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With Customers Focused on Sustainability, REI Will Expand Gear Rentals and an Online Resale Shop

October 23, 2019, 10:00 AM UTC

REI Co-op has long advocated for the protection of the great outdoors, a practice that has helped cultivate a fiercely dedicated clientele now 18 million members strong.

Now the retailer, known for selling outdoor and athletic gear ranging from tents to camping stoves to bikes to yoga mats, is tapping into customers’ growing concerns about sustainability by beefing up two relatively new areas of its business: gear rental and the online resale of secondhand items between Co-op members.

REI Chief Executive Eric Artz, who took the reins in May after earlier stints as the chain’s interim CEO, former operations chief, and finance chief, is, among other initiatives, slowly moving toward building an online marketplace where members can sell gently-used gear to one another. (The business is still small but will double in 2019, the company says. In all, some 300,000 of its members will purchase used gear this year online or in stores.)

While opening a resale shop for members sounds like it would cut into REI’s sales, Artz says the online marketplace is fully aligned with the wishes of REI members, who are both the company’s customers and owners by virtue of the co-op structure. Reselling items instead of disposing of them is an environmentally-friendly practice.

“The idea of community and collective impact is core to what the Co-op is,” Artz told Fortune at REI’s store in Manhattan’s SoHo district. “One of the biggest threats we face is climate change.” And that, he adds, threatens the very foundation of demand for his stores’ products in the long term.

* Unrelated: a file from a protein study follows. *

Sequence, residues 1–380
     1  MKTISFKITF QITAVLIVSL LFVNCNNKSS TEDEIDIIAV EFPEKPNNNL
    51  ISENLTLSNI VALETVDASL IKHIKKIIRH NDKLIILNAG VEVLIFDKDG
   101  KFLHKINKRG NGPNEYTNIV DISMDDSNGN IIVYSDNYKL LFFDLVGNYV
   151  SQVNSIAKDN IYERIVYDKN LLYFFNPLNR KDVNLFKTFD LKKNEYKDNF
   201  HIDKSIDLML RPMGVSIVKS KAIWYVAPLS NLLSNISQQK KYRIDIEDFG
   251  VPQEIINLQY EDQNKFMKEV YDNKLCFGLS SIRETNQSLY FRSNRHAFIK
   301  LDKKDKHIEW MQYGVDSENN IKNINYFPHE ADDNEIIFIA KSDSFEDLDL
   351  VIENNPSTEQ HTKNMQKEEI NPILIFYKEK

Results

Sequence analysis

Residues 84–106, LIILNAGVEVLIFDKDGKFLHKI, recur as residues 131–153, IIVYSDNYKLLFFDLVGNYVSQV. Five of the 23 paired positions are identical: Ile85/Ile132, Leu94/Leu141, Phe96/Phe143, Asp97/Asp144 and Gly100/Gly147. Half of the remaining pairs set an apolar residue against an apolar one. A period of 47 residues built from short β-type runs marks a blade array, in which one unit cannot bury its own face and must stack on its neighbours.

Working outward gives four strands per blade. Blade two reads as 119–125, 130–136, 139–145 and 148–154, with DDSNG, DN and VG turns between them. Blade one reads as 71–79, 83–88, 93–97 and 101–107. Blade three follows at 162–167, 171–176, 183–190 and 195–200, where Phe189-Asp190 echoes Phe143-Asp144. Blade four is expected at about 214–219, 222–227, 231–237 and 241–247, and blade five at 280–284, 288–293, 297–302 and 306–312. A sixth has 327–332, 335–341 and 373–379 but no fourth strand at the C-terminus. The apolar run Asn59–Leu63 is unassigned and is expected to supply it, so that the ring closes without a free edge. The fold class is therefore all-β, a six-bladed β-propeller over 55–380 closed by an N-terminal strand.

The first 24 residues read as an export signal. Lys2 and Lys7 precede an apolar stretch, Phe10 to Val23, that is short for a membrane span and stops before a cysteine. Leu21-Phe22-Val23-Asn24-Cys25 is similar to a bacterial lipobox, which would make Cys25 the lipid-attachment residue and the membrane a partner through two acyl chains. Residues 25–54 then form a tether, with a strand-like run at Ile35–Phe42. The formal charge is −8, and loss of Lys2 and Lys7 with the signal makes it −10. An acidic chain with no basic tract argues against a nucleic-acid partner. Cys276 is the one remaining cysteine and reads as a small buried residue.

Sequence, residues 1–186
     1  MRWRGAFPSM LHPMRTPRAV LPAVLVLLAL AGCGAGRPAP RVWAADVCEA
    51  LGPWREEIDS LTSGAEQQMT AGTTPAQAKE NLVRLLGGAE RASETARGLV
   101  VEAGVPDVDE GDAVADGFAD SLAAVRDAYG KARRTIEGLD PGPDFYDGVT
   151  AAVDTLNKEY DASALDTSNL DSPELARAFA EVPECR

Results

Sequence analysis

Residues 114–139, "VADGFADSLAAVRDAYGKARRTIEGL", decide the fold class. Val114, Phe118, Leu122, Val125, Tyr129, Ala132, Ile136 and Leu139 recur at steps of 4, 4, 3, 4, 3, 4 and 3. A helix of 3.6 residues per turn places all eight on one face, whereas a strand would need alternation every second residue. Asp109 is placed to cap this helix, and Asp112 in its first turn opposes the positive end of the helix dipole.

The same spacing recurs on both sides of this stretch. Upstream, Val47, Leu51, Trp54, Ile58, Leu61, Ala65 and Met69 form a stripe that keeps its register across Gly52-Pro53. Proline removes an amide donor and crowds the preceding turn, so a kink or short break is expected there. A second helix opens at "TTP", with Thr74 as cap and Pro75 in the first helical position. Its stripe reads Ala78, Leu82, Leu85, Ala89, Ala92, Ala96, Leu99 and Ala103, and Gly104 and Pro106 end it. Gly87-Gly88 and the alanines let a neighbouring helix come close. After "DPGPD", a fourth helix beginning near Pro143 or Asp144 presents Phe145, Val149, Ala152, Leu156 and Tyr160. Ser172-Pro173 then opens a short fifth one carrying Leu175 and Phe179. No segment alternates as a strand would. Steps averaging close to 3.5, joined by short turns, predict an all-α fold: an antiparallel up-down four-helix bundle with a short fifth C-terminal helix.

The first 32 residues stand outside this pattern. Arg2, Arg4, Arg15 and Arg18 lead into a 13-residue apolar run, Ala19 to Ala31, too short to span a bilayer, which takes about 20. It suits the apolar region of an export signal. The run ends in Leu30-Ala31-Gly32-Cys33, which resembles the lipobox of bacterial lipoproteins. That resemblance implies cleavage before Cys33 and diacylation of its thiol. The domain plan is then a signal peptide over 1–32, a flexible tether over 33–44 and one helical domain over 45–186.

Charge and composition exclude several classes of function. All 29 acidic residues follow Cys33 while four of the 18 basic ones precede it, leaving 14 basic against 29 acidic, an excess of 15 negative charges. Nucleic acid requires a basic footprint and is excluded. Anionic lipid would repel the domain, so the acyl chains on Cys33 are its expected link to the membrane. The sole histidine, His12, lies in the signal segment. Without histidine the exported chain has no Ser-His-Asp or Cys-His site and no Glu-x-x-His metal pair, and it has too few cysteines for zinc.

Last year, the cooperative rang up $2.78 billion in sales, up 6% from 2017, and the membership ranks grew by 1 million people. Much of REI’s success can be attributed to the leadership and direction being in tune with the co-op consumers.

Rivals in the $50 billion outdoor industry, including Patagonia and VF Corp.’s The North Face, are similarly beating the drum for better protection of the outdoors. Turns out these virtuous stands are also smart business. (Two years ago, Patagonia sued President Trump over a move that would significantly shrink Bears Ears National Monument in Utah.)

REI is also in the process of vastly expanding its rental program, notably in categories like skiing and camping, at 115 of its approximately 160 stores. The potential of the rental market is a key driver in Artz’s growth plan: a raft of new stores with many of them focused on specific sports.

Over the next five years, REI might add another 100 locations, Artz says, but they won’t all be typical REI stores, measuring in at 20,000-square-feet per pop. For example, a smaller REI store open since September in North Conway, N.H. caters to people heading into the White Mountains. The store’s biggest focus: ski equipment rentals.

Artz, who competes in triathlons, also sees opportunity in better serving athletes who favor sports where specialty stores dominate, notably cycling and running. The opportunity includes building communities that keep customers frequenting one store over the others. For instance, REI offers classes on bike repair which helps build traffic to its physical stores and online shop, which pulls in 30% of the company’s sales.

All the while, REI continues to cultivate its environmentalism cred. This coming Black Friday, the chain, as it’s done every year for the last five, will once again close stores and abstain from processing online orders. And, for the first time, REI will encourage shoppers and workers spending the day away from retail’s annual holiday season bacchanal to head out into their communities to pick up litter and plastic bottles.

REI has never been a promotional retailer so Black Friday is not the bonanza it is for a chain like Macy’s. Yet however much this could be dismissed as marketing, this move has enormous upside: customer and shopper loyalty.

What’s more, as a private company, REI has more leeway to sit out a big sales push like Black Friday.

“I get to think about generations, not quarters,” Artz says. He adds: “Black Friday is not what we’re about. We stand for something more, we stand for the outdoors.”

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